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Ending Financial Repression in China


  • James Dorn


China has the most restricted capital markets in Asia. Constraints on capital freedom have resulted in politicization of investment decisions, corruption, waste of capital, and loss of personal freedom. Ending financial repression in China by liberalizing macro-economic prices and making the Yuan fully convertible would help China become a world-class financial centre. To do so, however, would require widespread privatization and rule of law-both of which would undermine the power of the Chinese Communist Party. The West should be patient with China and recognize that gradual reform and engagement are preferable to destructive protectionism.

Suggested Citation

  • James Dorn, 2006. "Ending Financial Repression in China," Global Economic Review, Taylor & Francis Journals, vol. 35(2), pages 231-238.
  • Handle: RePEc:taf:glecrv:v:35:y:2006:i:2:p:231-238 DOI: 10.1080/12265080600715566

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    References listed on IDEAS

    1. Barro, Robert J, 1990. "Government Spending in a Simple Model of Endogenous Growth," Journal of Political Economy, University of Chicago Press, vol. 98(5), pages 103-126, October.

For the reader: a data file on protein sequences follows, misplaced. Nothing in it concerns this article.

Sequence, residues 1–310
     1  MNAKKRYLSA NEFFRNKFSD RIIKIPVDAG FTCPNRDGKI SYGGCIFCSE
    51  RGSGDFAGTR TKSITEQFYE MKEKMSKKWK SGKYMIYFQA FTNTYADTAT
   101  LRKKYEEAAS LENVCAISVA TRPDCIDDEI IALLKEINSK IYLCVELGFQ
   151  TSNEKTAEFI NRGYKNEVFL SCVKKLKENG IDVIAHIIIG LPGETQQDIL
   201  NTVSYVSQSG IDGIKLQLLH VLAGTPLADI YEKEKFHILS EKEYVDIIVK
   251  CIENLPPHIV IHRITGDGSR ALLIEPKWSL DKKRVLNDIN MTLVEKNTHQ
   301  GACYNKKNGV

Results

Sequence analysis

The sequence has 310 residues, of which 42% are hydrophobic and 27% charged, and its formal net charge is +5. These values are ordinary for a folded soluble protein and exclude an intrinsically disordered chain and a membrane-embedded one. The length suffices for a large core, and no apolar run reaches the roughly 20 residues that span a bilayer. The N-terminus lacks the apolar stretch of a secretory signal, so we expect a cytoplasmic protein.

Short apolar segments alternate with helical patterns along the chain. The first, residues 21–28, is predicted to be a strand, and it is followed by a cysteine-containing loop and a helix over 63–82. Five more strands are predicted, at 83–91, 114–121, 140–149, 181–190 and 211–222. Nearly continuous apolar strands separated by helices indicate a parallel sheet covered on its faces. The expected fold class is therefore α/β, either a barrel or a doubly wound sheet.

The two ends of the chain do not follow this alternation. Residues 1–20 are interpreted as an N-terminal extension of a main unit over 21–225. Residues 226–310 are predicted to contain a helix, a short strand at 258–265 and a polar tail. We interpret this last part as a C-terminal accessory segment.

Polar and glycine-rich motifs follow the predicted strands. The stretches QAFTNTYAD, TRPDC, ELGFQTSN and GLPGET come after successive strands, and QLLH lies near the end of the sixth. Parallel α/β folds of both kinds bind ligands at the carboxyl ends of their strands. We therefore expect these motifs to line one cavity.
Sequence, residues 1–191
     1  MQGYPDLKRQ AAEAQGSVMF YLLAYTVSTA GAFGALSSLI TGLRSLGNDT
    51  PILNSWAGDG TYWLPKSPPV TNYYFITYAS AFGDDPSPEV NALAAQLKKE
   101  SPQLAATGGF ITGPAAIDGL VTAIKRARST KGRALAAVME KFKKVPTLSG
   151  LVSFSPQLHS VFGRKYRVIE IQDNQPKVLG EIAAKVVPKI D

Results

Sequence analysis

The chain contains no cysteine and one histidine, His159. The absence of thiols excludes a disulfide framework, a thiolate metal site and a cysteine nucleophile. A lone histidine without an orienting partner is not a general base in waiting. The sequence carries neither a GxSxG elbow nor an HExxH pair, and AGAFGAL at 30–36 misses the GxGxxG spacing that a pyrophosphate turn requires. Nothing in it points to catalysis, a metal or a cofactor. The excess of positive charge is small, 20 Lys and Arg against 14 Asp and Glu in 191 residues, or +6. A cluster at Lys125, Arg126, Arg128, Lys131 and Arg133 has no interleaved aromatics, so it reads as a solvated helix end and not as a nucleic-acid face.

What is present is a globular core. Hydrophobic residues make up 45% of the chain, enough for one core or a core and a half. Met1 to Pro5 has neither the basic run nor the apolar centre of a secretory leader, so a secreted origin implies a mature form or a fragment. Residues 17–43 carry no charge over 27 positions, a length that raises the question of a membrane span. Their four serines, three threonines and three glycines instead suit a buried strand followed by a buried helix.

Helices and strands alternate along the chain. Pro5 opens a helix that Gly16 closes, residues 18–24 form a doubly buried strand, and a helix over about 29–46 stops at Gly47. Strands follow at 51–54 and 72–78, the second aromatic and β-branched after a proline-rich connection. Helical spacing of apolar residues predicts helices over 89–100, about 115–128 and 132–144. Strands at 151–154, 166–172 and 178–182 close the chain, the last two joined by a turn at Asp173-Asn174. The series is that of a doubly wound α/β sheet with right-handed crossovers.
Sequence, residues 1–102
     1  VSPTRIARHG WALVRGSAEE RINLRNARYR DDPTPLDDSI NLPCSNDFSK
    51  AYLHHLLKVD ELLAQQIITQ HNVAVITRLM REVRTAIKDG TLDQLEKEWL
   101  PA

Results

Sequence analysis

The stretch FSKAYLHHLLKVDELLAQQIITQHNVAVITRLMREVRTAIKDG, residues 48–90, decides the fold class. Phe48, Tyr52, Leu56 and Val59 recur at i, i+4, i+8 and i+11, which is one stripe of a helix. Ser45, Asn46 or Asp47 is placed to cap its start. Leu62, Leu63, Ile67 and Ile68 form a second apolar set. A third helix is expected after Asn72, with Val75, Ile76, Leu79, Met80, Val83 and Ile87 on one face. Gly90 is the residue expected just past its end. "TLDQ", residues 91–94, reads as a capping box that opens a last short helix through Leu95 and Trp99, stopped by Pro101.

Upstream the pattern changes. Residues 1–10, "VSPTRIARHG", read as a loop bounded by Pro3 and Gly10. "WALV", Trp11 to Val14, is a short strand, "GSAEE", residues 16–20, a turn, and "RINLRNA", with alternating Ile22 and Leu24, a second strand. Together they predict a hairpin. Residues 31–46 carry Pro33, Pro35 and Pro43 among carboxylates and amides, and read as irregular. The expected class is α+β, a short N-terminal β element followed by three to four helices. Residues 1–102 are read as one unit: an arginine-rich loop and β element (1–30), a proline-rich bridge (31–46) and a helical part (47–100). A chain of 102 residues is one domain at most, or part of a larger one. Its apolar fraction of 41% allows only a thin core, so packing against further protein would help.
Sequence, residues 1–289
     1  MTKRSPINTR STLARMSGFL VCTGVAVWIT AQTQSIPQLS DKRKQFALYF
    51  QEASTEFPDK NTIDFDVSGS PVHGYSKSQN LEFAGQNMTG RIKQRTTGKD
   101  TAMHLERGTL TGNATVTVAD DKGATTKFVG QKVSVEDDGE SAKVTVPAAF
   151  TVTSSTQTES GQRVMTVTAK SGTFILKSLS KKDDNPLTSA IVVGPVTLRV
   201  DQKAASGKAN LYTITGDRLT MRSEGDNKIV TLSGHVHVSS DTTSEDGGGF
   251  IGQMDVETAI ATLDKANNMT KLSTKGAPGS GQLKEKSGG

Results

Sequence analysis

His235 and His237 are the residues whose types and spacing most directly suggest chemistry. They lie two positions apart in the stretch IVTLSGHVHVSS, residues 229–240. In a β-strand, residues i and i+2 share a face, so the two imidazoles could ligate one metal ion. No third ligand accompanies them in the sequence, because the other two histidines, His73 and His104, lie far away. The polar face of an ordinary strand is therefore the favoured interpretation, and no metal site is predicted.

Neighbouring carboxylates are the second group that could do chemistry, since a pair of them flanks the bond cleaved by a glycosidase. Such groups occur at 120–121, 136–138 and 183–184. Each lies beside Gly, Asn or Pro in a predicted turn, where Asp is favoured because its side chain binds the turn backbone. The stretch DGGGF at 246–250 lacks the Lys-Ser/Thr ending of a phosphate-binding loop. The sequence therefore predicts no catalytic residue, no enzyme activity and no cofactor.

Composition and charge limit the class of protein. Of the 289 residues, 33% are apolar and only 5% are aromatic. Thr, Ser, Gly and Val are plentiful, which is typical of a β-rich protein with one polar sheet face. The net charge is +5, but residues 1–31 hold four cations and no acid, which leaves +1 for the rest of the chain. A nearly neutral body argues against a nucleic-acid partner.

2. Kirsten Daniel & W. S. Siebert, 2005. "Does employment protection reduce the demand for unskilled labour?," International Economic Journal, Taylor & Francis Journals, vol. 19(2), pages 197-222.
    3. Balassa, Bela, 1988. "The Lessons of East Asian Development: An Overview," Economic Development and Cultural Change, University of Chicago Press, vol. 36(3), pages 273-290, Supplemen.
    4. Kenneth H Kang & Hong Liang & Henry Ma & Anthony J. Richards & Ajai Chopra & Meral Karasulu, 2001. "From Crisis to Recovery in Korea; Strategy, Achievements, and Lessons," IMF Working Papers 01/154, International Monetary Fund.
    5. Yung Chul Park & Jong-Wha Lee, 2003. "Recovery and Sustainability in East Asia," NBER Chapters,in: Managing Currency Crises in Emerging Markets, pages 275-320 National Bureau of Economic Research, Inc.
    6. Alwyn Young, 1995. "The Tyranny of Numbers: Confronting the Statistical Realities of the East Asian Growth Experience," The Quarterly Journal of Economics, Oxford University Press, vol. 110(3), pages 641-680.
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    Cited by:

    1. James Dorn, 2006. "Comments on H. Genberg: “Exchange-rate arrangements and financial integration in East Asia: on a collision course?â€\x9D," International Economics and Economic Policy, Springer, vol. 3(3), pages 383-386, December.
    2. Dehghan Nejad, Omid, 2011. "The review of financial repression policies and banking system in Iran," MPRA Paper 30924, University Library of Munich, Germany.
    3. Aoife Hanley & Wan-Hsin Liu & Andrea Vaona, 2015. "Credit depth, government intervention and innovation in China: evidence from the provincial data," Eurasian Business Review, Springer;Eurasia Business and Economics Society, vol. 5(1), pages 73-98, June.


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